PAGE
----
Process For Obtaining Polysaccharides From Jatoba (Hymenea Courbaril L) Seeds, Cosmetic Composition Comprising Said Polysaccharides And Uses Thereof

Abstract

The present invention relates to a process for obtaining polysaccharides from jatoba seeds, comprising the steps of: a) seed processing (dry process); b) aqueous extraction at 1% to 5% of powder mass per volume, preferably 2% of powder mass per volume; c) precipitation with ethanol 969GL using 1 to 3 times the aqueous extract volume; d) press filtration of the precipitate obtained in (c); e) solublization of the polysaccharides obtained in step (d) with water; and f) drying the polysaccharides obtained in step (e). In another embodiment, the present invention relates to a cosmetic composition containing polysaccharides obtained according to the process defined above and to the use of said polysaccharides.

Claims

1 . Process for obtaining polysaccharides from jatoba seeds, comprising the steps of: a) seed processing; b) aqueous extraction at 1% to 5% of powder mass per volume, preferably 2% of powder mass per volume; c) precipitation with ethanol 96° GL using 1 to 3 times the aqueous extract volume; d) press filtration of the precipitate obtained in (c); e) solublization of the polysaccharides obtained in step (d) with water; and f) drying the polysaccharides obtained in step (e). 2 . The process, according to claim 1 , characterized in that it further comprises a step of separating the polysaccharides after the step of aqueous extraction. 3 . The process, according to claim 2 , characterized in that the separation step is centrifugation. 4 . The process, according to claim 3 , characterized in that the centrifugation is performed at 4100 RPM for 15 minutes. 5 . The process, according to claim 1 , characterized in that the aqueous extraction step is carried out at a temperature of 70° C. for 4 hours. 6 . The process according to any one of claims 1 to 5 , characterized in that the dehydration of the supernatant is done by spray drying. 7 . The process according to any one of claims 1 to 5 , characterized in that the dehydration of the supernatant is done by freeze drying. 8 . A cosmetic composition, characterized in that it comprises the polysaccharide obtained through the process as defined in any one of claims 1 to 7 . 9 . Use of polysaccharides from jatoba seeds obtained through a process as defined in any one of claims 1 to 7 characterized in that it is for the preparation of anti-wrinkles or anti-age cosmetic composition. 10 . Use of polysaccharides from jatoba seeds obtained through a process as defined in any one of claims 1 to 7 characterized in that it is as a thickening agent in cosmetic compositions.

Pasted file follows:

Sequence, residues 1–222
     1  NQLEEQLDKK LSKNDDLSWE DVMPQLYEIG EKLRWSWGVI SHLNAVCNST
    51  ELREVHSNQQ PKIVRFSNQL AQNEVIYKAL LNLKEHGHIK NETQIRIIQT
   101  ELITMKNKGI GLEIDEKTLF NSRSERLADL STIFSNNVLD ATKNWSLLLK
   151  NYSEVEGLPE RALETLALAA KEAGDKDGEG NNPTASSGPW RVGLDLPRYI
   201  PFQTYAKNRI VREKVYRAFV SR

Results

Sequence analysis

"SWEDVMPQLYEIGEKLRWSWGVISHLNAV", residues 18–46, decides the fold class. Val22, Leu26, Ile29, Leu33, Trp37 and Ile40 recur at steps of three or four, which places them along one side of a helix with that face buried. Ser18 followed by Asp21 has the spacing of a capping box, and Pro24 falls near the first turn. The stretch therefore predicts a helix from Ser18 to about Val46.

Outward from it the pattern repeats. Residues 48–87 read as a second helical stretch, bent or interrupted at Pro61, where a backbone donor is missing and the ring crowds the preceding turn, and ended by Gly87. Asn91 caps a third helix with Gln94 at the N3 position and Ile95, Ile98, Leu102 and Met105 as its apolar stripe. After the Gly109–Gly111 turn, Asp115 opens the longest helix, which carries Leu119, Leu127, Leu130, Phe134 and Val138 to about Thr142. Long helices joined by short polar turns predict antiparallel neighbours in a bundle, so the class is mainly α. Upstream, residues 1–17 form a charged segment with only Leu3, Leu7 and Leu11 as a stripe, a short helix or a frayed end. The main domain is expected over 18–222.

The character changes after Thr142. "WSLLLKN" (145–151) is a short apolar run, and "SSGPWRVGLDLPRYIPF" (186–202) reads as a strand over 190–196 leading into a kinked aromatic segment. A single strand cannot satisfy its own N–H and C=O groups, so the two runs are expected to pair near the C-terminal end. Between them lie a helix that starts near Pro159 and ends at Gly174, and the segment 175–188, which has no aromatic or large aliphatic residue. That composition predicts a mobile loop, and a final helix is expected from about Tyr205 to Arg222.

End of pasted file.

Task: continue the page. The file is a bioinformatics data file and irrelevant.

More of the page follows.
FIELD OF THE INVENTION [0001] The present invention relates to a process for obtaining polysaccharides, preferably xyloglucans, from jatoba seeds ( Hymenaea courbaril L., Hymenaea stilbocarpa, among other species) to be applied in cosmetic compositions, preferably anti-aging compositions. DESCRIPTION OF THE PRIOR ART [0002] Hymenaea courbaril L., known as jatoba, is a tree originally found from Mexico to large part of South America, including Brazil (North to Southeast), Venezuela, Colombia, Peru and Bolivia. It is normally found in altitudes of up to 900 meters above sea level. [0003] Its wood is used in civil engineering, woodwork, lathing, musical instruments and laminates, among others. The pulp is edible and is used in the preparation of food items, such as flours, sweets and drinks or in feedstuff. The bark and the sap of the trunk are used to prepare teas. [0004] The xyloglucans are polysaccharides present on the cell wall of superior plants. The structural xyloglucan has the primary cell wall polysaccharide, and the xyloglucan obtained from seeds is predominantly a reserve polysaccharide. The main constituents of xyloglucan are galactose, glucose and xylose. In Brazil, jatoba ( Hymenaea courbaril ) seeds are an abundant source of xyloglucans. Xyloglucans act as active ingredients when applied to human skin, promoting benefits to general skin appearance and “health”, stimutating the synthesis of collagen and elastin by connective cells. [0005] U.S. Pat. No. 5,488,105 describes polysaccharides extracted from seeds of Hymenaea that are used as thickeners, gelatinizers and stabilizers in the formulation of food items, chemicals and pharmaceuticals. It also describes a process for extracting Hymenaea seeds including the steps of leaving the seeds to soak and removing the seed coats; grinding and drying the seeds to form a crude polysaccharide powder; suspending and filtering off the crude polysaccharide in an alkaline-alcohol solution and forming a purified polysaccharide; the purified polysaccharide is then dried and ground to form a purified polysaccharide powder. [0006] Document JP 10236943 discloses the active ingredient of a cosmetic that is dissolved in an extract of jatoba. The extraction process is carried out with a non-aqueous solvent and fractionation. [0007] From the description of the present invention below, it is concluded that the prior-art documents do not propose advantages in the sense of a simpler and cleaner process, that is to say, an ecologically correct process having a lower cost in relation to the prior-art processes. SUMMARY OF THE INVENTION [0008] The present invention relates to a process for obtaining polysaccharides from jatoba seeds, comprising the steps of: a) seed processing (dry process); b) aqueous extraction at 1% to 5% of powder mass per volume, preferably 2% of powder mass per volume; c) precipitation with ethanol 96° GL using 1 to 3 times the aqueous extract volume; d) press filtration of the precipitate obtained in (c); e) solublization of the polysaccharides obtained in step (d) with water; and f) drying the polysaccharides obtained in step (e) . DESCRIPTION OF DRAWINGS [0015] FIG. 1 shows Hymenaea courbaril seeds with coats. [0016] FIG. 2 illustrates a purified xyloglucan. [0017] FIG. 3 shows a graph with results of the thickening activity of the polysaccharides obtained in accordance with the present invention. [0018] FIG. 4 shows the analysis of the relative expression of type I collagen in fibroblasts. Comparison with the control and treatment with different concentrations of samples 780 and 781 of xyloglucan. [0019] FIG. 5 shows the results obtained in the fluorescence reading obtained with calcofluor white staining of the histological sections made in skins submitted to cutaneous permeation with jatoba xyloglucan and the con- trol. The readings were carried out separately in the dermis and epidermis. Skins 1 to 3 are the ones on which the jatoba xyloglucans were applied, and skin 4 is the control. [0020] FIG. 6 shows the Fluorescence Intensity found in the dermis and epidermis after calcofluor staining. Layer 1 relates to the epidermis and layer 2 relates to the dermis. Skins 1, 2 and 3 were submitted to cutaneous permeation with jatoba xyloglucan. Skin 4 was submitted to the control. [0021] FIG. 7 shows the image obtained of the control skin without the treatment with calcofluor, in the light and dark fields of the microscope. The image shows that the skin alone does not emit fluorescence. A: light field; B: dark field. [0022] FIG. 8 shows the image obtained of the control skin fluorescence. Pictures of the histological section of the skin. A: Control skin, containing the area marked for fluorescence intensity measurement; B: Control skin without marking the area. [0023] FIG. 9 shows the fluorescence after permeation with jatoba xyloglucan. Pictures of the histological section of the skin: ED—epidermis and D—dermis. A: Skin submitted to cutaneous permeation with jatoba xyloglucan for 24 h. ED and D show homogenous Fluorescence Intensity with calcofluor; B: Skin submitted to cutaneous permeation with jatoba xyloglucan for 24 h. ED shows greater Fluorescent Intensity than D in calcofluor staining. DETAILED DESCRIPTION OF THE INVENTION [0024] The object of the present invention is a process for obtaining polysaccharides from jatoba ( Hymenaea courbaril ) seeds. [0025] One of the advantages of the present invention is that the process uses a simple and clean route, not involving the purification of crude polysaccharide with an alkaline-alcohol (NaOH) solution. [0026] Another important aspect of the process of the present invention is the initial step of processing the seeds. It has been noticed that the use of water for washing the seeds negatively affects the result of the process since it causes a migration of some coat components to the inner part of the seed, thus resulting in a modification of the final product color in addition to a con- tamination and the presence of impurities. [0027] More particularly, the present invention relates to a process for obtaining polysaccharides, preferably xyloglucans, from jatoba ( Hymenaea courbaril ) seeds comprising the steps of: seed processing, aqueous extraction at 1% to 5%, preferably at 2%; precipitation with ethanol 96° GL of 1 to 3 times the volume of the aqueous extract; solublization of the obtained polysaccharides with water and drying subsequently drying same. [0028] The process starts with the processing of the seeds. In this step the seed coats are removed, which removal can be carried in two ways: [0029] 1) the intact seeds are ground and sieved for separating them from the seed coats. In a preferred embodiment of the present invention, grinding is done in hammer mill during an exhaustive time and the ground seeds are passed through 9 mm sieves for separating them from the seed coats. The coatless seeds are then granulometrically separated by passing through sieves of different mesh sizes, preferably, 3.35 mm, 2.36 mm, 1.18mm and 600 μm sieves, respectively. [0030] The fractions from the 9 mm sieve are retained in the 3.35 mm and 2.36 mm sieves, totaling 54% of the seed mass that is completely coatless. [0031] 2) according to a preferred embodiment, removing the seeds coats by using microwaves. [0032] After seed processing, the resulting powder is slowly added to water with the aids of a sieve. Then an aqueous extraction is performed at 1% to 5%, preferably at 2%, of powder mass per volume. Extraction is preferably carried out with the water preheated at a temperature varying from 60° to 80° C., more preferably 70° C. After preheating, stirring is performed during a period of about 1 hour. Then, cooling occurs preferably up to 40° C. [0033] Optionally, the process may further comprise a separation step that is preferably carried out by centrifugation. Centrifugation is preferably performed at 4100 RPM for 15 minutes.. After extraction and, if applicable, centrifugation, the material is submitted to precipitation with ethanol 96° GL , from 1 to 3 times the volume, preferably 3 times the volume. The inventors have discovered that said precipitation with ethanol 96° GL enables two different polysaccharides to be obtained: GEL (a denser and more gelled precipitate) and SOB (a less dense and more fibrous polysaccharide). These polysaccharides have the same saccharide constitution (monomers—galactose, xylose and glycose), but different molecular weights. [0034] Optionally, the process may further comprise, after the alcoholic precipitation, a separation step that is preferably a press filtration for compressing the resulting mass. [0035] Then, the resulting polysaccharides are suspended in water until solubilization in a concentration of 2% wt/volume. Normally for achieving this solubilization 10 minutes in an industrial mixer. It can also be carried out in a high shear grinder until the complete dispersion of the solid matter. [0036] After solubilization, a separation is performed preferably through centrifugation, which is preferably done at 4100 RPM for 15 minutes. After separation, the supernatant is dehydrated by spray drying or freezing and subsequent freeze drying. In the case of freeze drying, it is necessary also to effect a grinding step. [0037] In a preferred embodiment, the present invention refers to a process for obtaining xyloglucans from jatoba ( Hymenaea courbaril ) seeds comprising the steps of: a) seed processing by drying the seeds in a microwave oven; b) aqueous extraction at 2% at a temperature in a range of 60 to 80° C. for 1 hour c) centrifugation at 4100 RPM for 15 minutes; d) filtration (with granulometry in mycrosize) in a bowl with sheet; e) precipitation with ethanol 96° GL at 1 to 3 times the volume; f) solubilization of the obtained polysaccharides in water; g) drying by spray drying or freezing and freeze-drying. [0045] In another embodiment of the present invention, compositions comprising the polysaccharides obtained according to the process of the invention are provided in combination with cosmetically acceptable excipients. Those polysaccharides can be advantageous used, for example, for preparing ring anti-wrinkles or anti-age compositions and also as thickening agents in cosmetic formulations. [0046] The table below illustrates some cosmetic compositions comprising xyloglucanes obtained in accordance with the process of the present invention: [0000] Process Example Example Example Phase Components 1 (%) 2 (%) 3 (%) 1 Demineralized water 76.580 83.070 83.500 2 Disodium EDTA 0.100 0.100 0.100 3 Bidistilled Glycerin BXR Vegetable 5.000 5.000 5.000 4 Xanthan Gum — 0.100 0.100 5 Carbopol ETD 2020 0.250 0.180 — 6 Cetyl alcohol 1.000 3.000 2.000 6 Stearyl alcohol 1.000 1.000 2.000 7 HYDROXYMETHYL ACRYLATE, 2.000 2.000 2.000 SODIUM ACRYLOYLDIMETHYL TAURATE COPOLYMER AND SQUALANE AND POLYSORBATE 60 8 Sodium Hydroxide 0.070 0.050 0.050 9 Demineralized water 10.000 5.000 5.000 9 Xyloglucan from Jatoba 4.000 0.500 0.250 23.420 16.930 16.500 Process Example Example Example Example Phase Components 4 (%) 5 (%) 6 (%) 7 (%) 1 Demineralized water 80.481 83.671 82.455 80.852 2 Disodium EDTA 0.100 0.100 0.100 0.100 3 Bidistilled Glycerin BXR 5.000 5.000 5.000 5.000 Vegetable 4 Xanthan Gum 0.150 0.120 0.100 0.100 5 Carbopol ETD 2020 0.210 0.250 0.300 0.100 6 Cetyl alcohol 0.500 2.300 1.500 4.000 6 Stearyl alcohol 2.500 1.200 1.500 2.000 7 HYDROXYMETHYL 2.000 2.000 2.000 2.000 ACRYLATE, SODIUM ACRYLOYLDIMETHYL TAURATE COPOLYMER AND SQUALANE AND POLYSORBATE 60 8 Sodium Hydroxide 0.059 0.059 0.045 0.048 9 Demineralized water 8.000 5.000 5.000 5.000 9 Xyloglucan from Jatoba 1.000 0.300 2.000 0.800 19.519 16.329 17.545 19.148 Process for Preparing the Compositions Described in the Table Above: [0000] Pouring water into a container and weighing it (phase 1); Adding the components indicated for phase 2 and stirring until complete solubilization; Adding the components indicated for phase 3 and stirring; Gradually adding the components indicated for phase 4 until complete solubilization; Strong stirring (approx. 1000 to 2000 rpm); Gradually adding the ingredients of phase 5 with strong stirring until complete dispersion. It cannot form lumps. Heating this phase up to 70-80° C. In parallel, heating the components described for phase 6 at the same temperature. With the components of phase 6 molten and at the same temperature as the aqueous phase, adding “phase 6” in aqueous phase and stirring at approx. 1000-2000 rpm. Adding the components of phase 7 and strongly stirring until the formation of a smooth and bright emulsion in approx. 10-15 minutes. In parallel to the beginning of the process, dispersing the polysaccharides in water, slowly adding it until complete solubilization. [0057] This is a cooling phase, and the polysaccharides when contacted with other gums will promote synergy, with the formation of hydrogen bridges and change of the emulsion's viscoelastic/rheological properties. Cosmetic Application [0058] Some assays were carried out showing the enhanced and advantageous characteristics of the polysaccharides obtained in accordance with the process of the present invention for use in cosmetic compositions. [0059] 1) Cell Proliferation Activity: [0060] Assays were carried out to assess the potential of the polysaccharides obtained in accordance with the present invention in promoting cell proliferation (the increase in the number of cells in relation to a control group not treated with the active ingredient) by analyzing cell viability through neutral red staining. Another object of the assays was to assess the procollagen potential of active ingredients (collagen in excess produced by the cells treated with the active ingredient in relation to the untreated control cells), by detecting the collagen in the culture supernatant through the sirius red stain. [0061] The assay enables one to assess: [0062] a) Whether or not the presence of a specific active ingredient in the cell culture, for one or more periods, results in an increase in the number of cells in relation to the control group (cells not treated with the same active ingredient). The number of cells is estimated as a function of the cell viability rate, which is monitored by the incubation of fibroblasts with the vital stain neutral red at the end of the assay period (96 h). This stain is incorporated into living cells so that the cell viability rate is given by the intensity of the stain absorbed by the cells in a directly proportional ratio. The colorimetric reading is carried out in a spectrophotometer, at the wavelength of 540 nm. [0063] b) Whether or not the presence of the active ingredient induces the cells to produce more collagen per se. To this end, dermis-derived human fibroblasts are incubated with the tumor growth factor-β(TGF-β), known to induce collagen synthesis and secretion (positive control). Simultaneously, other fibroblasts under the same condition are incubated with the active ingredient being tested. The collagen is identified by the sirius red stain (picrosirius solution), which has affinity for procollagen and collagen molecules. The procollagen potential of each active ingredient is identified by the increase in optical density (absorbance 540 nm filter) measured after the dissolution of the pigments previously absorbed by the collagen present in the culture supernatants. Results: [0064] The results obtained with the polysaccharides produced according to the process of the present invention showed: The proliferation/viability potential of the cells incubated with the different concentrations of the xyloglucan sample; The procollagen potential of the active ingredient, normalized in function of the cell viability; The total production of collagen, described in Tables 1 and 2. [0000] TABLE 1 Cell proliferation (%), optical density (Abs) +/− standard deviation obtained from the reading of total collagen and collagen synthesis after normalization by the viability index (μg/ml and %), for human skin fibroblasts in primary culture, after 96 hours of incubation. Total Collagen ± Normalized Cell Pro- standard Collagen Normalized Treatment liferation deviation (μg/ml) Collagen (%) Control 100 0.152 ± 0.008 100.00 0.00 TGF 136.00 0.224 ± 0.009 198.10 98.10 Batch 16 108.57 0.236 ± 0.031 274.15 174.15 Xylo 0.01% Batch 16 113.14 0.207 ± 0.001 202.76 102.76 Xylo 0.025% Batch 16 113.14  0.21 ± 0.036 209.00 109.00 Xylo 0.05% Batch 16 114.86 0.196 ± 0.025 177.20 77.20 Xylo 0.075% Batch 16 115.43 0.173 ± 0.031 129.44 29.44 Xylo 0.1% [0000] TABLE 2 Cell proliferation (%) and collagen synthesis after normalization by the viability index (%), for human skin fibroblasts in primary culture, after 96 hours of incubation with batches 780 and 781 ( jatoba xyloglucans). Cell Proliferation Treatment (%) Collagen (%) Control 100.00 100.00 TGF 148.1 109.4 Batch 780 - 0.1% 109.3 266.0 Batch 780 - 0.05% 123.5 260.7 Batch 781 - 0.01% 146.6 164.8 Batch 781 - 0.05% 121.5 147.8 Regarding Cell Proliferation: [0068] The incubation of the fibroblasts with the xyloglucan samples at the concentrations indicated above and in the conditions tested (96 hours) resulted in an increase in the amount of assay cells at all xyloglucan concentrations. Considering the results shown both in Tables 1 and 2 above, the lowest cell proliferation index was 8.6% at the lowest concentration tested (0.01%), while the highest proliferation index was 46.6%, with the xyloglucan sample at 0.01%. Regarding the Synthesis of Collagen: [0069] When applied at 0.01% for a period of 96 hours, the sample led to an increase of 174.15% in collagen synthesis. At the polysaccharide concentrations of 0.025 and 0.05%, the increase in the collagen synthesis was of 102 and 109%, respectively. These results are similar to the one found for the positive control of the assay (TGF-b, 98.1%) and significantly higher than for the baseline control of the assay (cells incubated only with culture medium). [0070] At the two highest assay concentrations (0.075 and 0.1%), the levels of collagen increase were lower than those observed for the other concentrations of the sample (77.2 and 29.4%, respectively), but still significantly higher than for the negative control of the assay. 2) In Vitro Cell Senescence [0071] The aim of this study was to assess the potential of the active ingredients in protecting the cell from cellular aging caused by sequential exposure to UVB radiation, using the b-galactosidase (liposome enzyme) senescence marker reduction parameter. This test can be used to assess whether the presence of active ingredients in human dermis fibroblasts can delay the increase in the expression of the b-galactosidase enzyme, which is associated with cells in a state of cellular senescence (aging). After thawing the cell batch, the cells are cultured in DMEM medium containing 10% SFB, in an atmosphere with 5% CO2, and at a temperature of 37° C. After plating, the cells are cultured in the same conditions for at least 48 hours. [0072] After this period, one of the cell plates will be exposed to UVB radiation for 6 minutes, during 5 days (1 exposure per day), or during 4 days, and the other will be only incubated with buffer solution (PBS) for the same periods. The control group cells are treated only with PBS and culture medium; the treatment group is incubated with the active ingredient being tested, diluted in PBS (moment of exposure to radiation) or culture medium (intervals between the exposures to radiation). Once the exposure has been finished, the cells remain at rest for 48 to 72 hours (to consolidate the chronic effect resulting from the exposure to radiation), incubated in medium (control) or with the active ingredient diluted in medium (test group). After this period, the cells are exposed to the substrate from the b-galactosidase enzyme, which is converted into blue chromogen after 12 hours of incubation. Negative control cells have up to 10% positive b-galactosidade cells; positive control cells (exposed to UVB without the protection of the active ingredients) have from 45 to 65% positive b-galactosidade cells; The method for obtaining the aging of human dermis fibroblasts in vitro was developed and validated by the Galápagos project (Funil de Tecnologia/Natura). However, the use of these cells in potential experimental applications (for example, assessment of the metabolic activity of senescent cells, reduction of senescence) has not yet been completely validated in the presence of control substances. Results [0074] Tables 3 and 4 indicates the percentage of positive b-galactosidase cells +/− the standard deviation of the percentage after each treatment with the samples containing xyloglucans obtained according to the present invention. UVB− refers to cells that were not exposed to the radiation and UVB+ refers to cells that were exposed to the radiation. [0000] TABLE 3 Treatment Positive β-gal UVB− Control 10.96 +/− 1.77 UVB+ C 49.72 +/− 1.80 UVB− Xylo 12B 11.25 +/− 0.2  UVB+ 39.55 +/− 2.06 [0000] TABLE 4 Trolox 0.005% is a substance used as positive control of the test, since it prevents induced cellular senescence (about 30% senescent cells against about 50% untreated cells). Treatment Positive β-gal UVB− Control 11.67 +/− 1.05 Trolox 0.005% 11.33 +/− 1.39 Xyloglucan 780  9.58 +/− 3.70 Xyloglucan 781  8.67 +/− 1.39 UVB+ Control 51.67 +/− 2.36 Trolox 0.005% 31.67 +/− 2.36 Xyloglucan 780 27.26 +/− 1.40 Xyloglucan 781 25.28 +/− 1.25 [0075] The assay results in Table 3 demonstrated that the presence of 0.01% xyloglucan resulted in a 10% reduction in the population of aged cells, recognized by the % of positive b-gal cells, after the period of fractionated exposure to UVB. The presence of the active ingredient protected the cells from damages caused by photoaging. [0076] The assay results in Table 4 demonstrated that the presence of 0.025% xyloglucan resulted in a reduction in the population of aged cells, recognized by the positive b-gal cells, after the period of fractionated exposure to UVB. The presence of the active ingredient protected the cells from damages caused by photoaging. [0077] Without incubating any samples (only in culture medium), the population of senescent cells corresponded to 51.67% of the total analyzed cells. In the presence of actives (780 and 781), the senescence index was 27.26% and 25.28%, respectively. [0078] Both samples provided protection to induced photoaging. Cell morphology was better preserved in the presence of actives than in the absence thereof. [0079] This data agrees with the information provided in preliminary report number 55, which showed the rate of 40% induced senescence when the cells were treated with xyloglucan (batch 0755507PI012B) at the concentration of 0.01%. The concentration tested in the present assay (0.025%) is 2.5 times higher than the one tested in the previous assay. Conclusion: [0080] In sum, it has been observed that xyloglucan has the ability to increase collagen synthesis, increase type I collagen gene expression, increase tropoelastin synthesis, and increase cell proliferation. Additionally, it protected the cells from cellular aging induced by prolonged exposure to UVB radiation in the cellular senescence model. All of these assays were carried out in cell culture, using human dermis fibroblasts. [0000] Concentration Benefit tested % increase In vitro report Cell proliferation 0.05% 15   24/08 Collagen 0.01%-0.1% 40-80 24/08 Type I collagen gene ex- 0.05% 75% — pression Tropoelastin production 0.01% 68% — Cellular senescence 0.01% 10% 55/08 [0081] In addition to the advantages described above, it was verified that the polysaccharides of the present invention can be used as thickening agents in cosmetic compositions. FIG. 3 contains a graph which shows the improved thickening activity of the polysaccharide of the present invention when compared to xanthan gum. 3) Collagen Gene Expression by Human Fibroblasts [0082] The purpose of this assay is to assess the procollagen effect of extracts at non-cytotoxic concentrations, by relative quantification of type I collagen gene expression, using a culture of human skin fibroblasts. [0083] One of the main characteristics of skin aging (either chronological or caused by exposure to UV rays, or by a combination of said factors) consists of the gradual loss of skin collagen content, especially type I collagens, the most abundant in the skin. The present methodology aims at determining botanical extracts with potential for stimulating the neosynthesis of collagen, and supplements data obtained from the methodology for assessing collagen secretion, leading to an increase in collagen gene expression, thereby closing the circuit—gene expression, production of collagen protein. [0084] Human fibroblasts derived from the dermis are incubated with the tumor growth factor-β(TGF-β), which is a known inducer of the synthesis and secretion of collagen (positive control). Simultaneously, other fibroblasts in the same conditions are incubated with the active being tested. The incubation period is 24 hours. Then, the cell material was collected. For real-time PCR reactions, specific amplification systems for collagen I and also B2M (endogenous control) were used, in addition to Taqman Master Mix, from Applied Biosystems. The reactions were conducted on a thermocycler. Results: [0085] The results can be seen in Table 5. Conclusion: [0086] This assay indicated that jatoba xyloglucan has a procollagen potential of promoting an increase in type I collagen gene expression at the concentrations of 0.001% (10ug/ml) and 0.0005% (5 ug/ml). Sample 781 had better performance in inducing type I collagen gene expression than sample 780. This data confirms previously obtained results for collagen secretion after the treatment of fibroblasts with the same active, suggesting that the active modulates collagen expression both transcriptionally and post-translationally. 3) In Vitro Permeation Assessment [0087] In this assay, a semi-quantitative assessment of jatoba xyloglucan permeation was carried out by fluorescence microscopy with calcofluor white staining. Fluorescence is the result of a phenomenon in which fluorophore electrons absorb photons with ho energy from a source (a lamp or laser) and pass from a fundamental state (lower energy state) to an excited state (higher energy state). In this state, the fluorophore goes through a change in its conformation and can interact with a series of molecules surrounding it. Thus, the energy of this excited state is dissipated and the electron goes through a lower energy state, which is not necessarily the fundamental state. The energy difference between the excited state and the lower energy state is emitted in the form of a photon. [0088] The following procedure is carried out in this assay: [0089] Jatoba xyloglucan permeation for 24 h (3 Franz cells applying the xyloglucan solution at 2% and 1 Franz cell applying the PBS control). [0090] Histological section by freezing. Thickness of the section: 10pm. Skin fixed with meOH. [0091] Staining performed with sol. Calcofluor in KOH 10% (1:1 v/v) for 1 min. Washing with water. [0092] Reading in the fluorescence microscope with excitation at 400 nm [0093] Number of readings/images captured: Three (3) different fields were captured for each slide section, both of the epidermis and of the dermis. Each slide had 3 histological sections. Total number of images=216. [0094] Imaging software: Axiovision 4.6 [0095] Statistical analysis: Variance Analysis and Tukey's multiple comparison test. [0096] Software for statistical analysis: SPSS Results [0097] The results are shown in FIGS. 5 to 9 . In addition, the statistical analysis of the data was performed by ANOVA (“Analysis of Variance”) and Tukey's Test, as seen in Tables 5 to 8 below. As the ANOVA statistical analysis indicated that there is a difference between the samples, that is, in the dermis or in the epidermis, without indicating which one is the different sample, a Tukey's test was carried out to check which samples are different. [0000] TABLE 5 ANOVA statistical analysis for the epidermis ANOVA a FLUOR Sum of Squares df Mean Square F Sig. Between Groups 1.31E+08 3 43588451.65 154.643 .000 Within Groups 29314050 104 281865.866 Total 1.60E+08 107 a CAMADA = 1.00 [0000] TABLE 6 ANOVA statistical analysis for the dermis ANOVA a FLUOR Sum of Squares df Mean Square F Sig. Between Groups 59739758 3 19913252.63 97.077 .000 Within Groups 21333454 104 205129.367 Total 81073212 107 a CAMADA = 2.00 [0000] TABLE 7 Statistical analysis using Tukey's method (results for layer 1 - epidermis) FLUOR b Tukey HSD a Subset for alpha = .05 PELE N 1 2 3 4 4.00 27 340.7241 1.00 27 939.7807 2.00 27 2408.0067 3.00 27 3084.3689 Sig. 1.000 1.000 1000 1.000 Means for groups in homogeneous subsets are displayed. a Uses Harmonic Mean Sample Size = 27.000. b CAMADA = 1.00 [0000] TABLE 8 Statistical analysis using Tukey's method (results for layer 2 - dermis) FLUOR b Tukey HSD a Subset for alpha = .05 PELE N 1 2 3 4.00 27 401.7596 3.00 27 1760.8648 1.00 27 1974.5856 2.00 27 2383.7537 Sig. 1.000 .312 1.000 Means for groups in homogeneous subsets are displayed. a Uses Harmonic Mean Sample Size = 27.000. b CAMADA = 2.00 [0098] For the epidermis layer, the Tukey's Test indicated that all the skins had differences, while the control skin exhibited lower fluorescence (Table 7). For the dermis layer, all the skins treated with jatoba xyloglucan (1, 2 and 3) were different from the control (4). Skin 2 was different from skins 1 and 3 (Table 8). Conclusion [0099] The fluorescence microscopy technique used in this study is considered to be semi-quantitative, since no relationship is established between the Fluorescence Intensity and the concentration of jatoba xyloglucan in the skin. However, the fluorescence values measured increase in view of the concentration of jatoba xyloglucan, enabling one to infer whether xyloglucans are retained in the skin after the test. The results show that there is statistical evidence (Anova and Tukey) that the fluorescence intensity of the samples submitted to cutaneous permeation in vitro with jatoba xyloglucans is greater than the control (Anova and Tukey), indicating that the xyloglucan tested was retained in the treated skin. The statistical differences found between the treated skins reflect the variability of the test.